Economy Affects Hospitals In U.S.

From eFluxMedia:

Healthcare companies and organizations are about to confront with a “watershed” 2009, a report released by PricewaterhouseCoopers LLP’s Health Research Institute reveals.

Medical facilities throughout the United States are making great efforts in order to stay afloat amid the financial crisis, even though many of them have had pecuniary issues for a long time, Medicare, Medicaid and other such government health programs often being the ones to be criticized.

The economy already started to have an impact on the health industry and the effects will be more noticeable in the coming year. Despite the fact that the health care industry “historically has been less vulnerable to economic downturns than other industries, the disrupted economy will hit healthcare in 2009,” PricewaterhouseCoopers informed.

ERs could shut doors

From the Las Vegas Sun:

Nevada hospitals are in such dire financial condition that at least two are considering closing their emergency rooms and refashioning themselves as something other than full-service hospitals, according to the head of the Nevada Hospital Association.

Bill Welch, president of the trade group, declined to say which hospitals are discussing the option.

Because emergency room patients with no ability to pay are financially draining hospitals’ bottom lines, they are considering closing and reopening as rehabilitation, psychiatric or skilled nursing facilities.

At What Price Physician Autonomy?

From the New York Times “Today’s Economist” Blog:

After a lengthy discourse on health policy with a physician, I asked him to describe the ideal health system from a physician’s perspective. “Everyone in society should have access to needed health care,” he responded. “Only the physician and the patient should decide how to respond to a given medical condition. And someone should reimburse providers of health care at reasonable rates.”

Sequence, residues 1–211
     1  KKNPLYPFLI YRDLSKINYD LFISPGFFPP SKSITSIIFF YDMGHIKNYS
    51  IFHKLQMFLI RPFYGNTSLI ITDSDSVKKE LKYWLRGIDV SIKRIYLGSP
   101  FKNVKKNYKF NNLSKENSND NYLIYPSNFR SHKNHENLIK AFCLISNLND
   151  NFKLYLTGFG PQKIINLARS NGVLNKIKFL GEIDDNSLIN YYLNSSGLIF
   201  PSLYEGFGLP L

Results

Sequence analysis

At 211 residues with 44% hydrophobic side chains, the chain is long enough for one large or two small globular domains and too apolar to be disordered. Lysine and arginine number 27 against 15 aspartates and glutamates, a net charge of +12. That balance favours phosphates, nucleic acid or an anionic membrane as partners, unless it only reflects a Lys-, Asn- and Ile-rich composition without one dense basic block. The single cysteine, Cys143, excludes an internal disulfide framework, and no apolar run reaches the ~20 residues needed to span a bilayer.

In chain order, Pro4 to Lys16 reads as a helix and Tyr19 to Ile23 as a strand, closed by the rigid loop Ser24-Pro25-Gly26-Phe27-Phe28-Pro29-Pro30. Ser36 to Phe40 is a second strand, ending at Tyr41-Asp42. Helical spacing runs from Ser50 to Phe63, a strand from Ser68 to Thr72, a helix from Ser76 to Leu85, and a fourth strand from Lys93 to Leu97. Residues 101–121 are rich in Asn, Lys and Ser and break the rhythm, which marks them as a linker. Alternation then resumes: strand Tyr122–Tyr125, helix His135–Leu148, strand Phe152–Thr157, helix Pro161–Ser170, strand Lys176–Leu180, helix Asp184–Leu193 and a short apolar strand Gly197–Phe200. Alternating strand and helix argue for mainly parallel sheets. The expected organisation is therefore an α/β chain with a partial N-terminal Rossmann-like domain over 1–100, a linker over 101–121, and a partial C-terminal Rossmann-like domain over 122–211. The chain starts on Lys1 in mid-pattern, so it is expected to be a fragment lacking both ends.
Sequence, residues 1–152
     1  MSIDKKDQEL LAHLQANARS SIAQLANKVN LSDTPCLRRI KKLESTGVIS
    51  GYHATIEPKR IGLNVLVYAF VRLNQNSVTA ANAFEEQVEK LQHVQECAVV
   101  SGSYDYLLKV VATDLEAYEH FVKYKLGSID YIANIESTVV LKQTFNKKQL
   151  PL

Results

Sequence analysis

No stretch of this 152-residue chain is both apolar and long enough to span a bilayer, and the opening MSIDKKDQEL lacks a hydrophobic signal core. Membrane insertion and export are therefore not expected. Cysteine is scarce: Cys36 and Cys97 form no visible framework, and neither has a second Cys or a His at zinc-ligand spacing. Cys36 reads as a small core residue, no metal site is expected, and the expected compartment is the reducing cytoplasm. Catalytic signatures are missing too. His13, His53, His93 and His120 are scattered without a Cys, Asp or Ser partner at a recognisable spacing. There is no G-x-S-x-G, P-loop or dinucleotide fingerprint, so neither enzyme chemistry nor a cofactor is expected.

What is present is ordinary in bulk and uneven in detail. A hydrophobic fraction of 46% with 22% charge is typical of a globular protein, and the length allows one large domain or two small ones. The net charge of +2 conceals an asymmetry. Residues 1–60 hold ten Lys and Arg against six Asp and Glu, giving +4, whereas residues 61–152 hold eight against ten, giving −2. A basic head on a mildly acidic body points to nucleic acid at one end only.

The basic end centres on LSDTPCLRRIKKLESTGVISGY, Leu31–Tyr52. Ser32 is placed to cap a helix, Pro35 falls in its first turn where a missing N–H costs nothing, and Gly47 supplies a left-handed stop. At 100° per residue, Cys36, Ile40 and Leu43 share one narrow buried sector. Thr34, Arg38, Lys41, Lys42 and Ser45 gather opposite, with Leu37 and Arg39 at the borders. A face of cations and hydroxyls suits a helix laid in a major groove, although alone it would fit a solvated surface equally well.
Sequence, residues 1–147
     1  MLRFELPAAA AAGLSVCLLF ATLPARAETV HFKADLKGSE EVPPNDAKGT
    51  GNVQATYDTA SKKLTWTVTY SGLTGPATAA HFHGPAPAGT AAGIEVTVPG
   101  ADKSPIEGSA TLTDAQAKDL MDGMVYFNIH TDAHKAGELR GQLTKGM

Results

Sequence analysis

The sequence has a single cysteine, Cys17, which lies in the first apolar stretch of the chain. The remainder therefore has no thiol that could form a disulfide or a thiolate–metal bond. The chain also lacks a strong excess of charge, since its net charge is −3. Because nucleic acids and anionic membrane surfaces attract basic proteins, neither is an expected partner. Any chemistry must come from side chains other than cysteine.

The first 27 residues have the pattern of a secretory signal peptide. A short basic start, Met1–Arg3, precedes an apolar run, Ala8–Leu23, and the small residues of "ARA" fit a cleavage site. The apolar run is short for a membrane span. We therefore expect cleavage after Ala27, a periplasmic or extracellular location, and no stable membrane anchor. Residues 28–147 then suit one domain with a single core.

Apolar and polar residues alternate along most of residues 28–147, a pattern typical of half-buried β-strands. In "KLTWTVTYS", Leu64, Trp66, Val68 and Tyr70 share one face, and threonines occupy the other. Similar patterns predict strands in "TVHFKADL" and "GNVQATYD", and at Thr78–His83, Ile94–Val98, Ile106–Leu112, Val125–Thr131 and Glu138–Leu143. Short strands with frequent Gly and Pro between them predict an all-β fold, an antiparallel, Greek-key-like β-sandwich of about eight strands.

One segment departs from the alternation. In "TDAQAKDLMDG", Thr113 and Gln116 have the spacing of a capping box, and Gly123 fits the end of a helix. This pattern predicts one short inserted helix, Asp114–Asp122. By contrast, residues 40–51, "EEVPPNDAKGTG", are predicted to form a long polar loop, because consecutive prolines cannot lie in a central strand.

Leave aside the fact that providers of health care are “paid” for their services, not “reimbursed,” the latter method always breeding bad managerial habits. Leave aside also that the definition of “needed” health care is highly elastic. Focus instead on the core of the ideal: complete clinical autonomy for physicians and their patients to throw whatever resources they wish at given medical conditions, usually at someone else’s expense, with little or no accountability for their preferred treatments’ quality or success.

Most physicians, and I would suspect most of their patients, probably subscribe to this ideal. Alas, a mounting body of research leads experts to doubt that physician autonomy actually serves society well and that it will be affordable much longer.

Medicaid owes Peoria hospitals millions

From the Peoria (IL)  Journal Star:

They aren’t panicking, but Peoria health-care providers have serious concerns about the millions of dollars state government owes them.

Their worries are understandable.

The Journal Star checked with selected providers in town and found they are due at least $32 million from the state – mainly for medical care they gave to people who have low incomes and are on Medicaid. In many cases, the bills are several months old.

Bill would give tax break as incentive for doctors

From the Kansas City Star:

A (Missouri) state lawmaker is pushing legislation that would provide health care workers tax breaks as an incentive for them to see more Medicaid recipients.

State Sen. Jason Crowell, R-Cape Girardeau, said the bill would allow doctors, nurses and dentists to deduct Medicaid payments from their taxable income.

He said such a move would make up some of the gap between how much the taxpayer-funded program reimburses for health care and how much that care actually costs. The generally low payments have led many health care providers to avoid treating Medicaid patients, creating a bottleneck for those patients to find care.

In the year that ended June 30, Medicaid payments to health care providers was $206.7 million. Crowell estimates his bill would provide tax savings to those providers of about $12.4 million.